Worcestershire Record No. 27 November 2009 p. 24-25


Rosemary Winnall (rosemary@wyreforest.net)

There are very few records for the Lemon Slug Malacolimax tenellus in Worcestershire except for those from the Wyre Forest in recent years. This is an ancient woodland species and should be present in other parts of the county. But has anyone looked for them? There are not a lot of slug-lovers around, and so perhaps this is a group of animals that more people would like to take an interest in outside the vegetable plot?!

It is thought that for most of the year Lemon Slugs hide away under the woodland leaf litter and feed on the hyphae of a variety of different fungi. When they are mature in the autumn, and fungi are producing fruiting bodies, the adults may be found much more easily as they come up to feed and to mate.

Malacolimax tenellus, The Lemon Slug  © Rosemary Winnall

In the Wyre Forest we are investigating their status and distribution and when fungi are fruiting we are on the look out for this attractive creature! We are noting numbers, habitat, which fungi are eaten, record dates and behaviour. So where can they be found?

A partly eaten toadstool is a good place to start and gently turning of the leaf litter over in this vicinity might be productive. Their bright yellow colouration makes these slugs conspicuous, although darker individuals have been found. They are about 4 cms. in length, the tentacles are purple/black and their mantle has a finger-print patterning. Their body slime is bright yellow and this is produced when they are agitated, such as when they are handled. It can be prolific, although in drier seasons these slugs are more reluctant to release this valuable moisture. There is a small keel at the tail end and there is no frill around the edge of the body. Small pale-coloured Arion ater slugs, and the darker Arion subfuscus may possibly cause confusion, but these both have a striped frill along the edge of the body, have no sign of a keel, and when disturbed they hunch up which Lemon Slugs do not do.

Occasionally one might find the slug eating a fungal fruiting body and valuable behavioural information can be obtained. We have so far in Wyre found Lemon Slugs associated with the following fungi– Russula ochroleuca, Xylaria hypoxylon, Peziza sp., Collybia butyracea, Stereum hirsutum, Coprinus picaceus, Pluteus cervinus, Piptoporus betulinus, Hypholoma fasciculare and Amanita fulva. We have photographed them feeding on Xylaria hypoxylon and Piptoporus betulinus and found mating pairs on the surface of beech leaf litter and on a damp log. When this species is kept in captivity it is apparently very catholic in its taste for fungi which includes mushrooms sold in supermarkets! (Rosemary Hill pers. com.) Where there is a choice of fungi, Candle Snuff appears to be ignored in my experience, but in the absence of others, this is eaten.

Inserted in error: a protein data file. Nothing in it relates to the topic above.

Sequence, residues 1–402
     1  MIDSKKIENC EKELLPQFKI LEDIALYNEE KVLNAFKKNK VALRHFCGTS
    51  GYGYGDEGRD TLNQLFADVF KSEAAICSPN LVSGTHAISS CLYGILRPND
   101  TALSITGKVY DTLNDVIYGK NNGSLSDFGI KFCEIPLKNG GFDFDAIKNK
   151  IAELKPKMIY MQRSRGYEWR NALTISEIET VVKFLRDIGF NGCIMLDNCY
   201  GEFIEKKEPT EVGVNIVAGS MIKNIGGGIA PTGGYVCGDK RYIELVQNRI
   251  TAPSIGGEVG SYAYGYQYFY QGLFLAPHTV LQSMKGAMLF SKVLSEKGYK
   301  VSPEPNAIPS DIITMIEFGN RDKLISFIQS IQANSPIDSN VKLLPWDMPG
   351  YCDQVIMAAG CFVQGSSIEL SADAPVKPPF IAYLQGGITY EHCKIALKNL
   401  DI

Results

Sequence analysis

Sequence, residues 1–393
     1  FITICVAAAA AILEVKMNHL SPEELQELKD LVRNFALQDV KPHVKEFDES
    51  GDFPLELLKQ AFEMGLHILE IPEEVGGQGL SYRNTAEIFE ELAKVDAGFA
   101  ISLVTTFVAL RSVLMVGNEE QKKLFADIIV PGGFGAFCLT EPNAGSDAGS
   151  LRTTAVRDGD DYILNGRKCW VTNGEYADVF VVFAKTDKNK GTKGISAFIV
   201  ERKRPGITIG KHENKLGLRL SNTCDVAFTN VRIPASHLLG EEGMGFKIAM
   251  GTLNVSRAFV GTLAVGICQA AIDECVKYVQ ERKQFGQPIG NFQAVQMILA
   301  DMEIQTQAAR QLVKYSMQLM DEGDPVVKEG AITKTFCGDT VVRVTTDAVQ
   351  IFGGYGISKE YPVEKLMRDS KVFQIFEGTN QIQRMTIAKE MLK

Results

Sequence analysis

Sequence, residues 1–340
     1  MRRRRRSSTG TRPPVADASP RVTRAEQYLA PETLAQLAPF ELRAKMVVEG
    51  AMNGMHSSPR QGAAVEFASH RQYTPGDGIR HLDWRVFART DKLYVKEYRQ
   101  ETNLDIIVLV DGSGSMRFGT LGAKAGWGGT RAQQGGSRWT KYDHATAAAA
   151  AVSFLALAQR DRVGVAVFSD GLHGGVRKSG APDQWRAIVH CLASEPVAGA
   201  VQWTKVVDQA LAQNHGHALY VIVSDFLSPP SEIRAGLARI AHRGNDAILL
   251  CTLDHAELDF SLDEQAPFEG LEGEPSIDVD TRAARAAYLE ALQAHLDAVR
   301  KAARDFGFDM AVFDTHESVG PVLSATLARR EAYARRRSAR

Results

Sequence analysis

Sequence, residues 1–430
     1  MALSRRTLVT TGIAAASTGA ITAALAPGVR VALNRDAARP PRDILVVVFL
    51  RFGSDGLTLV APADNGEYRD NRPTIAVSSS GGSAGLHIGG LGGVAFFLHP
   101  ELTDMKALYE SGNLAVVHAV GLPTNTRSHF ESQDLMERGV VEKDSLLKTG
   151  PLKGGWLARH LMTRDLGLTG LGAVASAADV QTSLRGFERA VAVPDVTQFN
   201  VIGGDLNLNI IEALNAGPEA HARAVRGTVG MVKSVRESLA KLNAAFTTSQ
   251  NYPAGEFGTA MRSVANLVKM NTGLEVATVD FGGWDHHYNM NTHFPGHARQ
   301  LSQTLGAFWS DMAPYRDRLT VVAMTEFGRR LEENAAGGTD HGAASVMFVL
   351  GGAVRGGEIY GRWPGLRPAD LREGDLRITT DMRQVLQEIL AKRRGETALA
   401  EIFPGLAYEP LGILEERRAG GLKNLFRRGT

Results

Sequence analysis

Malacolimax tenellus, The lemon Slug
eating Candle-snuff fungus
© Rosemary Winnall

In the Wyre Forest Lemon Slugs have been recorded primarily from areas of beech, especially those that have been thinned and contain a lot of rotting stumps and little or no ground vegetation. However, one must note that they are probably easier to spot in these conditions, so this might not give a true indication of their status! They will inhabit other types of woodland especially where there is a high incidence of dead wood, and I have found them in oak woodland, birch with hazel coppice and also in an open conifer plantation. All of these sites contain both ground deadwood and fruiting fungi. I have never found the slugs high up on trees, although they have been found occasionally near the tree base.

In the mild November of 2009 I ventured into the Wyre Forest at night with my torch and camera. In the early evening, when there was cloud cover and the temperature was still as high as 10 C, there were plenty of Lemon Slugs around and in addition the Ash Black Slug Limax cinereoniger was present, feeding particularly on the bracket fungus Piptoporus betulinus present on fallen birch branches. I was able to photograph mating pairs of Malacolimax tenellus and observe their feeding behaviour.

Malacolimax tenellus, The lemon Slug
rarely observed mating
© Brett Westwood

But where are these Lemon Slugs elsewhere in Worcestershire? Can we obtain some more records from across the county? If you find one, please photograph it and send the picture to Rosemary Winnall or Harry Green along with details of location, habitat and behaviour.

Thanks to Rosemary Hill and Ron Boyce from the Conchological Society of Great Britain and Ireland for sharing information about this species and for their encouragement in our searches.

LINDLEY DAVID 2008. Malacolimax tenellus (O.F.Muller) in Nidderdale. Mollusc World 18:20-21, (The magazine of the Conchological Society of Great Britain and Ireland)


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